Disclaimer: I am not a paid endorser of SPIbelt or any of its products. I did get their H2O Companions for free, and I wrote this out of my own doing. I haven’t done a product review in a while.
Whenever we get a package delivered to the house, the kids instantly want to know who it’s for and what’s inside.
I received three SPIbelt H2O Companion hydration bottles (which sell for $9.99 retail) by winning a summer drink contest and by applying for the ambassador program. (By the way, if you like their products, you should like their social media feeds. They have lots of contests and other fun things.)
The kids tried them out right away while I went for a run. Each bottle comes with a grey “clip” that fits under the screw-in lid. The clip slide over your SPIbelt strap while the bottle rests on the other side. To remove the bottle, you just grab the bottle and pull it off your belt. Then you put it back on by slipping the belt back between the bottle and the clip.
The bottle’s lid doesn’t leak when turned upside down due to the stuff inside the nozzle. The only way to get stuff out is to suck on the nozzle or do what my kids did and squeeze the bottle.
I need a hydration system for an upcoming trail marathon that want participants to use their own hydration system at the aid stations. So I wanted to test the bottles out on a normal run and a hilly run.
The first run was a 3-mile out and back with two small hills connected to a bridge. I went with two runners who are faster than I am, so it simulated race conditions in many ways.
The bottles are easy to remove, but I had to pay attention when putting them back on. I always tried to make sure the little bump on the clip which acts as a securing mechanism, went under the belt.
During our last mile, it rained … Hard. I put my SPIbelt under my shirt and sometime during this part of the run one of my water bottles became loose. I felt it almost fall, so I quickly put it back in the belt. I’m not sure if I didn’t secure it in the first place or if my shirt pulled on the bottle, causing it to become loose.
I noted in my Instagram post about my run that I needed to get some waterproof belt and the company responded almost immediately with a suggestion. It’s a sign of good customer service.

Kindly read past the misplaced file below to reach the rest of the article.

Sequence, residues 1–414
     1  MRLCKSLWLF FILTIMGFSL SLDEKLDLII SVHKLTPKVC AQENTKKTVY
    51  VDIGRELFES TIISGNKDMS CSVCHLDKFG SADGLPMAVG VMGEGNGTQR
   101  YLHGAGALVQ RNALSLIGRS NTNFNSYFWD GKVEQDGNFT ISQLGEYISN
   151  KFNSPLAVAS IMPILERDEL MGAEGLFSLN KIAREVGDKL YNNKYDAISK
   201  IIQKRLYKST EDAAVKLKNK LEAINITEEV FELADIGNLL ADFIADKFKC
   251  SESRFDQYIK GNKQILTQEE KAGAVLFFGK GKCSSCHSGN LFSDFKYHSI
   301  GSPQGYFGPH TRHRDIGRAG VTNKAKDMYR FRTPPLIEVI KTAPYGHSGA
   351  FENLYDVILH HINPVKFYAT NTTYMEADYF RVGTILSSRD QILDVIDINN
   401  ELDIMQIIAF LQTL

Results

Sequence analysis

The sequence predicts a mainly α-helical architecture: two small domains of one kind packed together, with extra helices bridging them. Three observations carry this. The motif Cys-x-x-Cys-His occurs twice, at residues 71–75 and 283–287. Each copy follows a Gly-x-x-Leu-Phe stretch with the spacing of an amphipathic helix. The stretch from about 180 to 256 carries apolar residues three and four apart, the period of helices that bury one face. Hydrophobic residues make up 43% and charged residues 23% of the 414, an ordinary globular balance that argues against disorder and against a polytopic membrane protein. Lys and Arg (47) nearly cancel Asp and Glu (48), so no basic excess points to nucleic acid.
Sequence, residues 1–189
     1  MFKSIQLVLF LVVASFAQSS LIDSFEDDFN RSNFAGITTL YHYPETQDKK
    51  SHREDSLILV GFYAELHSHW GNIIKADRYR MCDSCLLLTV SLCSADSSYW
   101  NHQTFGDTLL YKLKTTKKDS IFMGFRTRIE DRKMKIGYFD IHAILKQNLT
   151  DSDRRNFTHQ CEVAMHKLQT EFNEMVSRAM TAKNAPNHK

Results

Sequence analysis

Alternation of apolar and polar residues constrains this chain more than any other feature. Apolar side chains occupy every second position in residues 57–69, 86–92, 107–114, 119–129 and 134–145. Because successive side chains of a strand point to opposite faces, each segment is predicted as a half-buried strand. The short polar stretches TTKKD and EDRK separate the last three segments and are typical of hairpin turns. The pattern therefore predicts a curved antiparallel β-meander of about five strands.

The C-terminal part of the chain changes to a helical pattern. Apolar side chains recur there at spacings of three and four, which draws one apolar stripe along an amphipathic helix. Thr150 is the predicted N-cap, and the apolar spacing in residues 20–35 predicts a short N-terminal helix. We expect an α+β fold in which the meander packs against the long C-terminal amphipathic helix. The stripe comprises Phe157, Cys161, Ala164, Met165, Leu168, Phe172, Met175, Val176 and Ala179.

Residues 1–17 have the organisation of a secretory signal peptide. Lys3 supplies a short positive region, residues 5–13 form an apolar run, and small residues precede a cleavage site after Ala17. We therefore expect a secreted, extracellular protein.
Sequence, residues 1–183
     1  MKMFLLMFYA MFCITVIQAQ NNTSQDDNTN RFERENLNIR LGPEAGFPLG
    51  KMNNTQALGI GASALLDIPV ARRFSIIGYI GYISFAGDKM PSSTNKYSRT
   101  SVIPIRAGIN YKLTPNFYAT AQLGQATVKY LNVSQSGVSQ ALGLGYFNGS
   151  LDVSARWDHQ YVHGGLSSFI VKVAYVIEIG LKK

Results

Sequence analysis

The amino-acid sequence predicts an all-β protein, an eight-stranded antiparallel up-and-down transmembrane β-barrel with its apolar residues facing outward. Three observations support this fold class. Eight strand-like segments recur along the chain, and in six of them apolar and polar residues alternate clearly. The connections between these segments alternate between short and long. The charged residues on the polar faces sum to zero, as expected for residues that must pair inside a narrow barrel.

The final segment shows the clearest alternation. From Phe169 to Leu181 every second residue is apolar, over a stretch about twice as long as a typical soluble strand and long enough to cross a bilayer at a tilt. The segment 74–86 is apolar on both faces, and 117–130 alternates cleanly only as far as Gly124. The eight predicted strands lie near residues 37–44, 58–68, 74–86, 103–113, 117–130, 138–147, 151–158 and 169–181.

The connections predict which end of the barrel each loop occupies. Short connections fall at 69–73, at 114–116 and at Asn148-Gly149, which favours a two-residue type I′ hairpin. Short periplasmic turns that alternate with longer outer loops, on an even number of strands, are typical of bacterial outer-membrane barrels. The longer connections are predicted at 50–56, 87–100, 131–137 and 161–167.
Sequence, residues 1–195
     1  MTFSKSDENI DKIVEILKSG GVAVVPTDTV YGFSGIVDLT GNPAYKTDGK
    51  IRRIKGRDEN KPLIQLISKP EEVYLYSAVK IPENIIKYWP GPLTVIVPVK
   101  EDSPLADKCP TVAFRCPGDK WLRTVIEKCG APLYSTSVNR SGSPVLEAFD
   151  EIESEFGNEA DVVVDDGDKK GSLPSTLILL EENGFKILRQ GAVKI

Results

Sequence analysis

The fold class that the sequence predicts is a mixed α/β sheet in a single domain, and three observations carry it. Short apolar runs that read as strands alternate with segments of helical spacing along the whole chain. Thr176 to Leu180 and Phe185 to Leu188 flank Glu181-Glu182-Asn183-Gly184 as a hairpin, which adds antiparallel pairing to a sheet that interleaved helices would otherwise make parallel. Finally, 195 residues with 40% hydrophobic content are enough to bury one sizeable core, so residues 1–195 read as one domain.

The second run was hills. I did about 4.5 miles of Appalachian hills through one of the scenic neighborhood in town. I was a little worried because the bottles only carry 6 ounces of fluid. I get dehydrated easily, so I wasn’t sure whether two would be enough.
The bottles felt light and stayed in place. I’m sensitive to sounds on me when I run, like my glasses bouncing on my head. I heard the belt and bottles too, but because I didn’t feel that anything was wrong, I wasn’t worried.
The belt did well. Since I already had a prior run with the bottles, taking them on and off was easier. I could do it while I ran, which is good for a race setting.
I only had one problem with a bottle. I was working my way up a steep hill and the top of my thigh hit the bottom of one of the bottle clips. The bottle started to become loose, so I quickly reached down and shoved it back over the belt.
I will have to try again to see to if placing the bottles in another position, in the back maybe or more to the side, will have a different result.
For the run, I ended up only needing one bottle. So I think the size will serve my needs.
Overall, I think the H2O Companion is a great addition to the SPIbelt line. They are dishwasher safe (top shelf) and are easy to clean by hand. They are easy to fill up and use during a run or while doing other activity.
The only drawback I saw was the attachment system. I understand why they did it, the clip makes the bottle easy to take on and off. But it’s not as secure as I thought it would be. But I really think playing around with the position of the bottles will make it work.
If you have a SPIbelt and need something for hydration, I recommend the H2O Companion.